Objective: To explore whether geographic variations in Medicare hospital utilization rates are due to differences in local hospital capacity, after controlling for socioeconomic status and disease burden, and to determine whether greater hospital capacity is associated with lower Medicare mortality rates.
Data sources/study setting: The study population: a 20 percent sample of 1989 Medicare enrollees. Measures of resources were based on a national small area analysis of 313 Hospital Referral Regions (HRR). Demographic and socioeconomic data were obtained from the 1990 U.S. Census. Measures of local disease burden were developed using Medicare claims files.
Study design: The study was a cross-sectional analysis of the relationship between per capita measures of hospital resources in each region and hospital utilization and mortality rates among Medicare enrollees. Regression techniques were used to control for differences in sociodemographic characteristics and disease burden across areas.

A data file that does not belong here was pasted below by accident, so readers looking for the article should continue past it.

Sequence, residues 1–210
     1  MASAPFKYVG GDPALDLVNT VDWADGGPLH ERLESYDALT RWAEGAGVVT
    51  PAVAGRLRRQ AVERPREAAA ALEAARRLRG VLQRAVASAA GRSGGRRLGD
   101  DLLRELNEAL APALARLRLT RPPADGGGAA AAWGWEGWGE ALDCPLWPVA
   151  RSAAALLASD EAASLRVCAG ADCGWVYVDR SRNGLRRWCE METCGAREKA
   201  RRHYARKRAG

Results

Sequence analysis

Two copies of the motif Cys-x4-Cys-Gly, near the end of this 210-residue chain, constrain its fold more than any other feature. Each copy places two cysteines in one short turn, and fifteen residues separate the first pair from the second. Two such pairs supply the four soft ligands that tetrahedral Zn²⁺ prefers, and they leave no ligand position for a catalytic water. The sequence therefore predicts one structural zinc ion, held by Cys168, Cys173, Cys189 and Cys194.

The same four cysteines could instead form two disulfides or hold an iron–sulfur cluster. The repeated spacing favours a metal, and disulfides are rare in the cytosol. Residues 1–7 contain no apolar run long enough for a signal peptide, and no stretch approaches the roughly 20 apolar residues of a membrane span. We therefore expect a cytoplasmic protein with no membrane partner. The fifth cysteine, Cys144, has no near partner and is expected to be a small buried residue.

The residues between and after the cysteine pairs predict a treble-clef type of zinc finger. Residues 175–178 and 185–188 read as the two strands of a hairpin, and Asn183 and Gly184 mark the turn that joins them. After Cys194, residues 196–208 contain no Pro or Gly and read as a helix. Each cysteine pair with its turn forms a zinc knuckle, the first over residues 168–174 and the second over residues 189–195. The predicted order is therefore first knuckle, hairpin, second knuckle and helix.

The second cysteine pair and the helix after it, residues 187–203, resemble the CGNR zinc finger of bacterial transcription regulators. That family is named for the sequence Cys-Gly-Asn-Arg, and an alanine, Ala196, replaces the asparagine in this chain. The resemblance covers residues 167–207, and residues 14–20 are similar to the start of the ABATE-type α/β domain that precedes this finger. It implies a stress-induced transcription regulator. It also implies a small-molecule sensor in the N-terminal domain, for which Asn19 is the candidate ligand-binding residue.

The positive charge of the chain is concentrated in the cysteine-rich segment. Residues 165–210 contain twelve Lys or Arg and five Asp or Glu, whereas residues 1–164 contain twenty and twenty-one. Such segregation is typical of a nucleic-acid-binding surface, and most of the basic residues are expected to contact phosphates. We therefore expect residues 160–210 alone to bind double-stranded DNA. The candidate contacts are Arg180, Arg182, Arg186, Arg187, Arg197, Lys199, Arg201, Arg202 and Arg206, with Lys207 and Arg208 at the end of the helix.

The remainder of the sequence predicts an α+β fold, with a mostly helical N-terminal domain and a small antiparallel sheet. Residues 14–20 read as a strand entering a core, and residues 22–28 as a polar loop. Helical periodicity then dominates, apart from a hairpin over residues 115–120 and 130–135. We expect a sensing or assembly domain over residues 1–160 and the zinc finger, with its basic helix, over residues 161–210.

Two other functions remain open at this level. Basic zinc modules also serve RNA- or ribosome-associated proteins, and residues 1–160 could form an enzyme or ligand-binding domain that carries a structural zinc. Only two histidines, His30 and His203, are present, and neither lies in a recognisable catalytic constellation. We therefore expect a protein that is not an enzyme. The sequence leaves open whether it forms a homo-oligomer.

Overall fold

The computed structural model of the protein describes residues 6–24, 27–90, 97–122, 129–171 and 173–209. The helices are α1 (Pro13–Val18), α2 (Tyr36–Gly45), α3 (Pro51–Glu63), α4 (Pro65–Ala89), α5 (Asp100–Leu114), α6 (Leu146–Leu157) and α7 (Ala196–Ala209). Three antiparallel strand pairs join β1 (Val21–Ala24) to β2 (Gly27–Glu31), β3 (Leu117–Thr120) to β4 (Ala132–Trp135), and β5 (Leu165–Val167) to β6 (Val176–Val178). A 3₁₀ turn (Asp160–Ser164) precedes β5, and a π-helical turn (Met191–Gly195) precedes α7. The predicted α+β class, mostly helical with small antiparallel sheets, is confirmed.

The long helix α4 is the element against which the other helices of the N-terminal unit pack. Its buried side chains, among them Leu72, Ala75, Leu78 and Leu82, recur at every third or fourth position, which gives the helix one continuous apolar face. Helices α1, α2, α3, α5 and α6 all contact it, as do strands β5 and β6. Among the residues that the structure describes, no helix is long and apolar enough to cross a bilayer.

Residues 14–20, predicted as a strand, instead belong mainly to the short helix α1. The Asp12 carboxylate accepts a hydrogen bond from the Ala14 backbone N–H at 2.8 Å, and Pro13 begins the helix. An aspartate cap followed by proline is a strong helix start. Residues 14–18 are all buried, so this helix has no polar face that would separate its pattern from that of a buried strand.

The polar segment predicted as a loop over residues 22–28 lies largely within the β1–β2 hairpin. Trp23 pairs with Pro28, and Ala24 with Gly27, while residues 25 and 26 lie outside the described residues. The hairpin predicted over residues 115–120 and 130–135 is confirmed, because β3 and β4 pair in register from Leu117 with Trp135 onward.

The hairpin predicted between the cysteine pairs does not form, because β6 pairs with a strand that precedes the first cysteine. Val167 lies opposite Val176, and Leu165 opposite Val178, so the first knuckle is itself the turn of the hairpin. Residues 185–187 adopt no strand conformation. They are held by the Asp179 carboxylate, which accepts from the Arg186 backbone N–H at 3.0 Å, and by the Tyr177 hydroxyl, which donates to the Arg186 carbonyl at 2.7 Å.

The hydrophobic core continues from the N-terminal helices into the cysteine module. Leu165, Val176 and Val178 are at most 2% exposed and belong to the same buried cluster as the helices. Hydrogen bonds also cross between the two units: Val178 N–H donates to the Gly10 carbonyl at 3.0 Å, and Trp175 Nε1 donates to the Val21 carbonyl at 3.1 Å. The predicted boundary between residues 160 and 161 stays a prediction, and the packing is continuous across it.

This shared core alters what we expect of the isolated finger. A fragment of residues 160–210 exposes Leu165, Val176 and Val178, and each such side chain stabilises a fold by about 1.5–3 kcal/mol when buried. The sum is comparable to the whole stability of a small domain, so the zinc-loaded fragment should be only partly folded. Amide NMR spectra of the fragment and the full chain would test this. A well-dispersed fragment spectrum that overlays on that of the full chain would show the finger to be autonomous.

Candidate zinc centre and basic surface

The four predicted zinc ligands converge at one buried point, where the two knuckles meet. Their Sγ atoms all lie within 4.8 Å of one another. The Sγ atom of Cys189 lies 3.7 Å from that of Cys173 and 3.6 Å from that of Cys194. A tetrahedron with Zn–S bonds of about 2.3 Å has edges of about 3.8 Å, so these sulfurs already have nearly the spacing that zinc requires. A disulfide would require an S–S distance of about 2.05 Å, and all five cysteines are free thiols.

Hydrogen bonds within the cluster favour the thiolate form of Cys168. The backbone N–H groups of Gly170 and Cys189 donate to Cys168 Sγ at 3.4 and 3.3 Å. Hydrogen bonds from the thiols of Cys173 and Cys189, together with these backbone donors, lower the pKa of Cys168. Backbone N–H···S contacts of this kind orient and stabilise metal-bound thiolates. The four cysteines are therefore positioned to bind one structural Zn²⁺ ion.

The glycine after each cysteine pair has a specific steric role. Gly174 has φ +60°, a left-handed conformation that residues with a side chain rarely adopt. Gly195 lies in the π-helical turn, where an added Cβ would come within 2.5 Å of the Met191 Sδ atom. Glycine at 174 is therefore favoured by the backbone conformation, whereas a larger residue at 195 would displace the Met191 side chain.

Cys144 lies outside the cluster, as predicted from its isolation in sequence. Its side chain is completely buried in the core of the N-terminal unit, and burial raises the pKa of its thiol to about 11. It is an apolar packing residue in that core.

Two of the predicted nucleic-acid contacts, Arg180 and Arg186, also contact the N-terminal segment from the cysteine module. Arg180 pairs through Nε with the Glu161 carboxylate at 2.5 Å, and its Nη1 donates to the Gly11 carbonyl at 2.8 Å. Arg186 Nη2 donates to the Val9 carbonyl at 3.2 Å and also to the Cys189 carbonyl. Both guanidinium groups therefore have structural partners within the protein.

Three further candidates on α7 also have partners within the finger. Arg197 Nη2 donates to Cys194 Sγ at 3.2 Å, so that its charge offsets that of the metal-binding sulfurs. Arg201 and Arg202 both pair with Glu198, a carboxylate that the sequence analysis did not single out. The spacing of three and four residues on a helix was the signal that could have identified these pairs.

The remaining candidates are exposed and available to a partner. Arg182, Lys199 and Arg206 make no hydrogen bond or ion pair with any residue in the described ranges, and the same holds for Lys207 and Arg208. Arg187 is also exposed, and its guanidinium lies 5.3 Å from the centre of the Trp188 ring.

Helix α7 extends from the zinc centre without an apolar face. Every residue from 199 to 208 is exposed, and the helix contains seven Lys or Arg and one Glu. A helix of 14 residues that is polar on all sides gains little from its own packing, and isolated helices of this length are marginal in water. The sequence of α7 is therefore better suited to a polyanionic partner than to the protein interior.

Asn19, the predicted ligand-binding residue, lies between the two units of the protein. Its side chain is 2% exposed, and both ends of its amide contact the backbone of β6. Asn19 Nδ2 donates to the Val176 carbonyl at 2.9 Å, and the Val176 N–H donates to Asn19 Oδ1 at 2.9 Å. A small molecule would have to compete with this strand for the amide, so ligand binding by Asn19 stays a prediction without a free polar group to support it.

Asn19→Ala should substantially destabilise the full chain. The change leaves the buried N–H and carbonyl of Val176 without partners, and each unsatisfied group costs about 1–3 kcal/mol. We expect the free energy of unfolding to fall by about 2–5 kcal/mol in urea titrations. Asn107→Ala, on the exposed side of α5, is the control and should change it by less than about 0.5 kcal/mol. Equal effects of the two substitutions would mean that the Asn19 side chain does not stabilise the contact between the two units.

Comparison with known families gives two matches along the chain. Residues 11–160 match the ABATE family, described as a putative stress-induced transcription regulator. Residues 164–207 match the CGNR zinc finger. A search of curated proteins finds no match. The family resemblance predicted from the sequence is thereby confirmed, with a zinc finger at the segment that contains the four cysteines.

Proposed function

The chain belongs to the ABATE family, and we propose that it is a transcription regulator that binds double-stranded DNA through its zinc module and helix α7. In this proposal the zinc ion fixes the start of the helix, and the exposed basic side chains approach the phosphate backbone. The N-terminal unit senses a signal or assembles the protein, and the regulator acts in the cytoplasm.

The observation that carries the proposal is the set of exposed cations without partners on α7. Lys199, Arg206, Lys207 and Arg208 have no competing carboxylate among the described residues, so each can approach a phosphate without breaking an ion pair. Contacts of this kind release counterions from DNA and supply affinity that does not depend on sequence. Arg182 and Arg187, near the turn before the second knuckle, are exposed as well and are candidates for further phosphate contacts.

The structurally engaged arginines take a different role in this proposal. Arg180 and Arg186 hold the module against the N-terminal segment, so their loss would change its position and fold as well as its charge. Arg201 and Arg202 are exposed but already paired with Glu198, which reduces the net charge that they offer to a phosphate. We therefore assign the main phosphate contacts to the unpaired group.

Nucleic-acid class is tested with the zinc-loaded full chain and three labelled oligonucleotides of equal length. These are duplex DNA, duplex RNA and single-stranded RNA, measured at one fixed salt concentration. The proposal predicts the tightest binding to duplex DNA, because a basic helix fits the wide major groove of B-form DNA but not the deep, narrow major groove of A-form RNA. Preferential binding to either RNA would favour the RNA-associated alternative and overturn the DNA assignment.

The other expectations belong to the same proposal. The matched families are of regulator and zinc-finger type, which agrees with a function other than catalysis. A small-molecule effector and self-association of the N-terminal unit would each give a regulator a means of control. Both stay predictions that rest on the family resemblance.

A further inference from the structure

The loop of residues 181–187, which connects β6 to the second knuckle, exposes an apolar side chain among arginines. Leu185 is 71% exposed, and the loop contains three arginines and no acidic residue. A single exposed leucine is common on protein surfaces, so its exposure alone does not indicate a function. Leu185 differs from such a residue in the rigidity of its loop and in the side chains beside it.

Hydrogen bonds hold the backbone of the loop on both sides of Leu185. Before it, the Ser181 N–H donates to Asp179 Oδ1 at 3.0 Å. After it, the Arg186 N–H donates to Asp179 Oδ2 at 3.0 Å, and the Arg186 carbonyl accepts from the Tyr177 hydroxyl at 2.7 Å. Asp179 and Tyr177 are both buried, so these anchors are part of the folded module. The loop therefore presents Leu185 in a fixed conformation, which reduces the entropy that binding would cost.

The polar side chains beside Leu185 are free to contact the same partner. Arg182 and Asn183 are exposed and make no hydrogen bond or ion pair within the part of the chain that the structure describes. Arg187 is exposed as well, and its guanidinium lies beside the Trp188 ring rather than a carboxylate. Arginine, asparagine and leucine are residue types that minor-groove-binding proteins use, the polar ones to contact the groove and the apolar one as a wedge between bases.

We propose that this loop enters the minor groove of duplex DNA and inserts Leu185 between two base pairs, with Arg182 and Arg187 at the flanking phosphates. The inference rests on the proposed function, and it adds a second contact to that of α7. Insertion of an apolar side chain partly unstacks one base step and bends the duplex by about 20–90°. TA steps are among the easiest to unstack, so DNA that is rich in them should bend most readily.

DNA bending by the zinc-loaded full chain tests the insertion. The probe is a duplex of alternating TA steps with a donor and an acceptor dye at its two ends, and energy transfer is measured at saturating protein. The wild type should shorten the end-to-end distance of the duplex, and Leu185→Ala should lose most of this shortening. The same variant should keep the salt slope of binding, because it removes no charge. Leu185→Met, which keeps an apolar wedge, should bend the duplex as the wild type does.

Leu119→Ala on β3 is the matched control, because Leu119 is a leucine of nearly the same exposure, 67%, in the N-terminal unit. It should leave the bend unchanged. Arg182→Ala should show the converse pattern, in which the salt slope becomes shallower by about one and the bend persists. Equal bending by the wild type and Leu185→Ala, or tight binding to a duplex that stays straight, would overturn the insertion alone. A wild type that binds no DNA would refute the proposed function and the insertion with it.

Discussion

Data collection/extraction methods: Data on the study population were obtained from Medicare enrollment (Denominator File) and hospital claims files (MedPAR) and U.S. Census files.
Principal findings: The per capita supply of hospital beds varied by more than twofold across U.S. regions. Residents of areas with more beds were up to 30 percent more likely to be hospitalized, controlling for ecologic measures of socioeconomic characteristics and disease burden. A greater proportion of the population was hospitalized at least once during the year in areas with more beds; death was also more likely to take place in an inpatient setting. All effects were consistent across racial and income groups. Residence in areas with greater levels of hospital resources was not associated with a decreased risk of death.
Conclusions: Residence in areas of greater hospital capacity is associated with substantially increased use of the hospital, even after controlling for socioeconomic characteristics and illness burden. This increased use provides no detectable mortality benefit.